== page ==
T Nation

Overhead Squat


I have incorporated the overhead squat into my latest workout program, and am seeking opinions on a question I have.

My primary goal for using this total-body exercise is to improve overall flexibility (as Dan John suggests, this exercise is a cure-all for many ails).

As expected from my readings on the OH squat, I find I can use lightweights only if my heels are flat on floor, or progressively heavier weights if I elevate my heels.

My question is: which is best for achievement of my flexibility goal:

  1. Lightweight, heels flat on floor;
  2. Lightweight, heels elevated a little;
  3. Heavyweight, heels elevated a little more?
  4. All of the above...




If you have problems with keeping your heels on the floor keep going light until you develop the flexibility to go heavy. Things take time, in life, and in lifting. If you're too hasty, you'll get nowhere.


Thanks. I can easily keep my heels down, but in doing so, my arms come forward (poor flexibility...somewhere) so I have to reduce the weight. What I don't know is if that's better for improving flexibility than deliberately going heavier with heels elevated by standing on a plate?



I have the same problem. I use Kettlebells, and when I try to rush to lift or go up in weight I start to lose form rather quickly. I have been doing for about a month and a half now and have noticed a considerable increase in my form and ability to do the Overheads. I can only do them sumo but i squat sumo in meets so it does seem to be an issue. If I try to bring my legs in then I go right back to square one w/ my form.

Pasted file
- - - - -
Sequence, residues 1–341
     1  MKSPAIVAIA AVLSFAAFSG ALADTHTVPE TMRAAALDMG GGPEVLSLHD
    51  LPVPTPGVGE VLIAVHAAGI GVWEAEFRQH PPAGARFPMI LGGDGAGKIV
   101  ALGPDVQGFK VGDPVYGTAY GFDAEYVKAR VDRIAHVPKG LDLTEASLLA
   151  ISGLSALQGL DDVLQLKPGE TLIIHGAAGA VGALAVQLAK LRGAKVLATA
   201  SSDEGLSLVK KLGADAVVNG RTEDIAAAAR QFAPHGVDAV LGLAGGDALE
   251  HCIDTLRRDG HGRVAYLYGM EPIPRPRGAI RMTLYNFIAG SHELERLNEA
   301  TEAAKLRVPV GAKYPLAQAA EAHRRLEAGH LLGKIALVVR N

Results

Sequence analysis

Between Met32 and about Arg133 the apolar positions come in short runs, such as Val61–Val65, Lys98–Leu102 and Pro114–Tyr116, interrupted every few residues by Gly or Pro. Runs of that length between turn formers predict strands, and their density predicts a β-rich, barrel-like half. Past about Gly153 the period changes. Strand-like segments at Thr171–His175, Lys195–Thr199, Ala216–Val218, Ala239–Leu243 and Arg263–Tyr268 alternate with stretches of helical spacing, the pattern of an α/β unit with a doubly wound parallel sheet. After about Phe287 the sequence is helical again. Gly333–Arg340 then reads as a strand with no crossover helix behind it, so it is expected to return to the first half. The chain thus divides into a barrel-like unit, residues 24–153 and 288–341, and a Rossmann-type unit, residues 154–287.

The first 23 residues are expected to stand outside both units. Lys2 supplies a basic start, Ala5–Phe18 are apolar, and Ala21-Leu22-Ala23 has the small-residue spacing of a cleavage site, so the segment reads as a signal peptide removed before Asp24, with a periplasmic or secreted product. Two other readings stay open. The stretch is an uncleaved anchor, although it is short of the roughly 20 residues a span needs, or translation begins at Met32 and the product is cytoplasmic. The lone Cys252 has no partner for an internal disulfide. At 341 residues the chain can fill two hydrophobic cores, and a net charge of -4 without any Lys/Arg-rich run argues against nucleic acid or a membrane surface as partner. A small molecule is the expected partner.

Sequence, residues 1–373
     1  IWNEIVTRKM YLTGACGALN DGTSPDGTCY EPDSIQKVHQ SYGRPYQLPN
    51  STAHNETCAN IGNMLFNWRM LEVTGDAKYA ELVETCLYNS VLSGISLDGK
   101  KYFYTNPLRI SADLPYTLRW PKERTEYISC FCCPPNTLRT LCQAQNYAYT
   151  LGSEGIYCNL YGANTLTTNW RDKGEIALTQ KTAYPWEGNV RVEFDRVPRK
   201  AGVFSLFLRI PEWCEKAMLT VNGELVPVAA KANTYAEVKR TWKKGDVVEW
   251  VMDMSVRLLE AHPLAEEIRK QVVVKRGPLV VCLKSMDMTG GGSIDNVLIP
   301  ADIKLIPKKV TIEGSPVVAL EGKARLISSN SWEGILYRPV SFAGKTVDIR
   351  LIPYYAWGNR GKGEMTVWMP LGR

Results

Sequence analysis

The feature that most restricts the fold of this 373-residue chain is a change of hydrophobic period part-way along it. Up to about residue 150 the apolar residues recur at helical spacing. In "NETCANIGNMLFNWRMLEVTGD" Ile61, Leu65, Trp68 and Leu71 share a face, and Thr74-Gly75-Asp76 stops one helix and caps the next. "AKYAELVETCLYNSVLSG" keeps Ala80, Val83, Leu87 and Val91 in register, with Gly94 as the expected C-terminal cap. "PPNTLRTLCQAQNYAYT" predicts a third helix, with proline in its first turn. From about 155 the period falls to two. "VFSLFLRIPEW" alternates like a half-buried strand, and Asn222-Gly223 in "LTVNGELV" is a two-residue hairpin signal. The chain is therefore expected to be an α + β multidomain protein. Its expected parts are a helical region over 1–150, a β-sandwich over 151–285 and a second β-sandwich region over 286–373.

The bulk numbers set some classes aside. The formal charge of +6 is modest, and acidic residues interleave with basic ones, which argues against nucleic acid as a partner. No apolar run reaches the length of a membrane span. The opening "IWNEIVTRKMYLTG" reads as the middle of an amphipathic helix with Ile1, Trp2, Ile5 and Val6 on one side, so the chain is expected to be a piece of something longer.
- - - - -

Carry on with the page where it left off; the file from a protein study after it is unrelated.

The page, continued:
The heels flat approach identifies a weakness. Therefore, you should attack it and bring it up to par with your heels elevated numbers then return to altrnating each style of OS.


-i use the all of the above approach.

-i also vary my the width of my grip: snatch grip is easiest and most stable. clean grip hardest.

-pointing your toes out will give you more clearance.

-prolly most important is make sure you have total lockout. reach for the sky and shrug you shoulders. that last 1/4 inch makes all the difference.


Yeah sounds like flexibility issues in your ankles and shoulders. Try varying the width of your grip and the width of your leg stance. A wider grip on the bar and a wider stance may help.


Sorry for interuptting this post, but how do you get the weight not to hurt the wrists that much?. My wrists hurtttt when doing OH squats and Im wondering if this can be bad for them in the long run or something??



My wrists hurt for the first 6-8 months. Now they are more flexible and I train without wrist pain. I just hung in there.


I can't stress how important the right foot gear is. For Powerlifting style Chucks rule. But anything in Olympic style fashion like front Squats and Overhead squats Olympic lifting shoes make all the difference in the world. I got mine from these guys.



If your heels raise, your calves are probably tight. Flexible calves make it easier to keep the weight on your heels as you get lower in the OHS.

Continue stretching everything! ahhaha


i noticed my heels raise also(when wearing chuck taylors,not when wearing ..say running shoes or higher soled shoes), but i never gave it much thought because i am under the impression that this is why OLY lifters wear those higher soled shoes, like CT's blue addidas(he's got many pictures on the site wearing them). i just thought it was better for you when doing OLY to have a raised heel.--just a thought, something i've noticed on most OLY lifting pictures i've seen.


I have this same problem, even though I have been overhead squatting for over a year. I do not know anything about long term effects, but heavily wrapping the wrists in tape does a lot to alleviate the pain and is a common practice among weightlifters.


I don't have any pain w/ Kettlebells. I can postion my hands in a nuetral way so they aren't twisted. It's just harder to hold the bells up equally than it is using a barbell for me. No wrist pain just cramping shoulders.